Gary Fraser/Photographer

Unfortunately Gary Fraser and his wife Anne were convicted in 2014 of fraud and embezzlement of a substantial amount of money from their employer.
Here is a great piece about Gary Fraser, photographer.  Gary Fraser has lived in Bear River east all of his life, running the family business, Fraser’s Hardware, until the closure of the Cornwallis Base forced it and many other businesses to close down.    For the past few years,  Gary has been working at doing what he loves: photography….
Published on February 28, 2012 
Heather Killen  RSS Feed 
The Spectator
 Bear River photographer Gary Fraser has the patience to wait for the essence of his subjects to fill the frame – just when the chemistry of light and its relationship with the subject are exactly right. An exhibit of his portraits opens at The Rebekah in Bear River March 5 at 7 p.m.Heather Killen

Bear River photographer Gary Fraser capturing textures within the frame and time

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Bear River

By Heather Killen/The Spectator/

Some familiar faces may surprise themselves, hanging around the Rebekah in a special photography exhibit.

Gary Fraser, longtime photographer and Bear River resident, is showing his collection of black and white portraits. The exhibit of portraits and selections of still life, ‘Where My Father Lived,’ opens March 5 with a reception starting at 7 p.m.

Self-taught, Fraser says he started out shooting for every photographer’s list of quintessential sunsets and waterfalls, but as time went on he began to see the beauty in the smaller pieces of what he describes as the intimacy of the landscape.

After awhile with some encouragement, he began photographing friends and the usual people he saw around Bear River. He admits he often catches people off guard, asking permission to take their photo.

As They Are

“They tell me, ‘oh you don’t want to photograph me,’” he said. “And I say, ‘oh yes I do.’ Or they’ll say, ‘okay when?’ And I say ‘right now.’”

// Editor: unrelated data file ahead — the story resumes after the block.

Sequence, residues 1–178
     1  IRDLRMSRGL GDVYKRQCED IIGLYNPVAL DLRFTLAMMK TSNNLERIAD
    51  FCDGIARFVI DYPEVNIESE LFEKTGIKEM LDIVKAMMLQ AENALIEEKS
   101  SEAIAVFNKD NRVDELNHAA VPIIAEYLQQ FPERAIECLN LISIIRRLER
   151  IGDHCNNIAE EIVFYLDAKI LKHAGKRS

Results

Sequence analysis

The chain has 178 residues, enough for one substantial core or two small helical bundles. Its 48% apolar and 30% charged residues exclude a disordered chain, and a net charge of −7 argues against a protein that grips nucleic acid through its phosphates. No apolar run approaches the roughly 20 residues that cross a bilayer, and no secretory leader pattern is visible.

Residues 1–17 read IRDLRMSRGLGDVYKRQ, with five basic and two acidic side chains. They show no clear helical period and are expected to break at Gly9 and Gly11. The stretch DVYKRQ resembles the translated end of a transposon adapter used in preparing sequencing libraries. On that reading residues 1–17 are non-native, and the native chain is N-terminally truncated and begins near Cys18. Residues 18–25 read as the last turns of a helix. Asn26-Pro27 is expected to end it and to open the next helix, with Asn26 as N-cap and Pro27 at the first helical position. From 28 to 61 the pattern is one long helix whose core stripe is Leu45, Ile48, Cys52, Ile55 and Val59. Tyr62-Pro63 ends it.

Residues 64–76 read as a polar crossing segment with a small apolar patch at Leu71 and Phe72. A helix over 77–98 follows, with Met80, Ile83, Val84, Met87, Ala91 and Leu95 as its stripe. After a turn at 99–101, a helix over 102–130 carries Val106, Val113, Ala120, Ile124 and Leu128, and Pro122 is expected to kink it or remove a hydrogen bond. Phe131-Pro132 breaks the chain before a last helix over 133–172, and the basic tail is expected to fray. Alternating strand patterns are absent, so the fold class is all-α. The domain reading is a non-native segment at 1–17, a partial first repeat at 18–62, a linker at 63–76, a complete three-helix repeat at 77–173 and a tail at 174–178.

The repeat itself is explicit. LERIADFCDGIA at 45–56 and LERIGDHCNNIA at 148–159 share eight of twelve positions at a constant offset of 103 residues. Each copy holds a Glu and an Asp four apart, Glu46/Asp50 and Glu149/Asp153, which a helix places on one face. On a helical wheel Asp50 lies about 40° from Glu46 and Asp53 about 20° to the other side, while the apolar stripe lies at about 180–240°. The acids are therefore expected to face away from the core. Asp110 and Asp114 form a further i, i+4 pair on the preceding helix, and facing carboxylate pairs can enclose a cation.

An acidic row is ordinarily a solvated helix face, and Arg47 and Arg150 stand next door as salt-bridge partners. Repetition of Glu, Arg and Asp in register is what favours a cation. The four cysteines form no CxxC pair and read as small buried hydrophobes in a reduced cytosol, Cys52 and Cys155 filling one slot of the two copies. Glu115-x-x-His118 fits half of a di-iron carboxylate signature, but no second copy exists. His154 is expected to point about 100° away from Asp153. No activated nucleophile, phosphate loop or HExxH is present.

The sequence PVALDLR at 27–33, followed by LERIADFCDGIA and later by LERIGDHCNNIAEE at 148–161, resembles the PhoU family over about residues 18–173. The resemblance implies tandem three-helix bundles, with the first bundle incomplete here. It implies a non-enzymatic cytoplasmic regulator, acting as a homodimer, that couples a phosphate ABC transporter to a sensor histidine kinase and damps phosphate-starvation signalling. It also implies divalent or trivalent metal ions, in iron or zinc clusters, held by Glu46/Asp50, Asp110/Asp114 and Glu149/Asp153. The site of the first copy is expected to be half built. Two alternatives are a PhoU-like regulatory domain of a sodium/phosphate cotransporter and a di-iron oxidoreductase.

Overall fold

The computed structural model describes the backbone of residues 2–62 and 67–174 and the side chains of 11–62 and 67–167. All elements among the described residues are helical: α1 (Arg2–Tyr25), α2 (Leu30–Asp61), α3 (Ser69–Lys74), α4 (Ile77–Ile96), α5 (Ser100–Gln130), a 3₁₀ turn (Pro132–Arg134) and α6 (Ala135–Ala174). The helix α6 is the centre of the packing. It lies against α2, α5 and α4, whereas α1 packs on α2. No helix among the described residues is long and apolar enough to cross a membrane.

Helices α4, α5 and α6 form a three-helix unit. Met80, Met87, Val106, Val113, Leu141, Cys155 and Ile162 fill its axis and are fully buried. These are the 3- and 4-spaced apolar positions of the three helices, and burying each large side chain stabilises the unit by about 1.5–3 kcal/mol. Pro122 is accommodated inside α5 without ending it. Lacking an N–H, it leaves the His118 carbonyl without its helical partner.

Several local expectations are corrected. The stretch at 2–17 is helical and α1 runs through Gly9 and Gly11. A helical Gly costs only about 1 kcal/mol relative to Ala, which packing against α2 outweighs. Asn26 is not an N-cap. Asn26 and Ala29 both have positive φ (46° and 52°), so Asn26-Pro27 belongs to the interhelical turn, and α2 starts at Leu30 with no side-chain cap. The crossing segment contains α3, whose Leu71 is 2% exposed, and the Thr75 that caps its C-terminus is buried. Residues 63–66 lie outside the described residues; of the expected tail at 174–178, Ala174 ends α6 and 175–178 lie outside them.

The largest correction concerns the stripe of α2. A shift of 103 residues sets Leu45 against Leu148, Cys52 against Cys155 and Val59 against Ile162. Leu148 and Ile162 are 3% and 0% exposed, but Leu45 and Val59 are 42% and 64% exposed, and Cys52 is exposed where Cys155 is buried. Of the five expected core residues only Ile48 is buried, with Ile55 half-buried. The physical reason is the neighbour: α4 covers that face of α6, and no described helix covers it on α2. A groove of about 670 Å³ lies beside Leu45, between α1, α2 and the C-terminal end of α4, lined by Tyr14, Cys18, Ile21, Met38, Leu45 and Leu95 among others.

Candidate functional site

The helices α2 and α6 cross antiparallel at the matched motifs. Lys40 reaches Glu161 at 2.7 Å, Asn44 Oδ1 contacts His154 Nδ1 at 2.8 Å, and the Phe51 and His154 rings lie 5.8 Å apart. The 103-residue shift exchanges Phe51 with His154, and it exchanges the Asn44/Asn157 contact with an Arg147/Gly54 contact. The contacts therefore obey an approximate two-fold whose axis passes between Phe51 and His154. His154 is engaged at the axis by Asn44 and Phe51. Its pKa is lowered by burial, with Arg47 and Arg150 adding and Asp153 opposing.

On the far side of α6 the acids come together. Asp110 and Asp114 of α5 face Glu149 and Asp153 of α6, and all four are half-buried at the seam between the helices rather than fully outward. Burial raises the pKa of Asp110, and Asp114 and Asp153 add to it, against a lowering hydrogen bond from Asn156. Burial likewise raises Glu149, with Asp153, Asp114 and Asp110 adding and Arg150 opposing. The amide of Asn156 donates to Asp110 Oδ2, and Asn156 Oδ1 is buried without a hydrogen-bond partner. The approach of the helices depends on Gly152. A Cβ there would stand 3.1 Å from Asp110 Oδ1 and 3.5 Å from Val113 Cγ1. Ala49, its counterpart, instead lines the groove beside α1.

He added that one of his biggest regrets is that he didn’t start asking earlier. A few long-time residents like Benny Hill passed away before he had the chance to photograph the sitting, but he’s hopeful a few elders will still agree to a portrait.

For inspiration he’s looked at the work of master portrait-makers like Diane Arbus, Dorothea Lange, and Richard Avedon and then set out to photograph his subjects as they are, where they are.

There’s nothing ordinary about the chemistry of light and shadows and he describes his photos as more of a study of the relationship. Making strong portraits isn’t so much about posing subjects in the best studio lights, he says, but about capturing the textures within the frame and time.

He says sometimes the moment is almost stolen with the light fingers of only one or two quick snaps. While other people are more willing and yet somehow more difficult to define, even after countless frames still remaining elusive and impossible to pinpoint.

Farmers Market

One of his first and favorite places to photograph people is the local Farmers Market.

“Everyone is in such a good mood,” he said. “It’s ordinary people in ordinary moments.”

“Lisa,” the study of a young fiddler from the French Shore, was taken one afternoon at the Farmers Market. He said the music seemed to float over the sights and sounds of the market and drew him towards her until frame after frame was filled with her.

“I’m not sure that other people noticed her,” he said. “She was playing with her brother and the music was surreal, it seemed to be filling everything.”

Another striking portrait is a low-key shot of musician Brad Hewey looking quietly into the depths of the lens.  In all there are about 20 photos in the collection that also features a tribute to his father who died in 2000.

“I want to show people something about themselves they’ve never seen, or knew existed,” he said.

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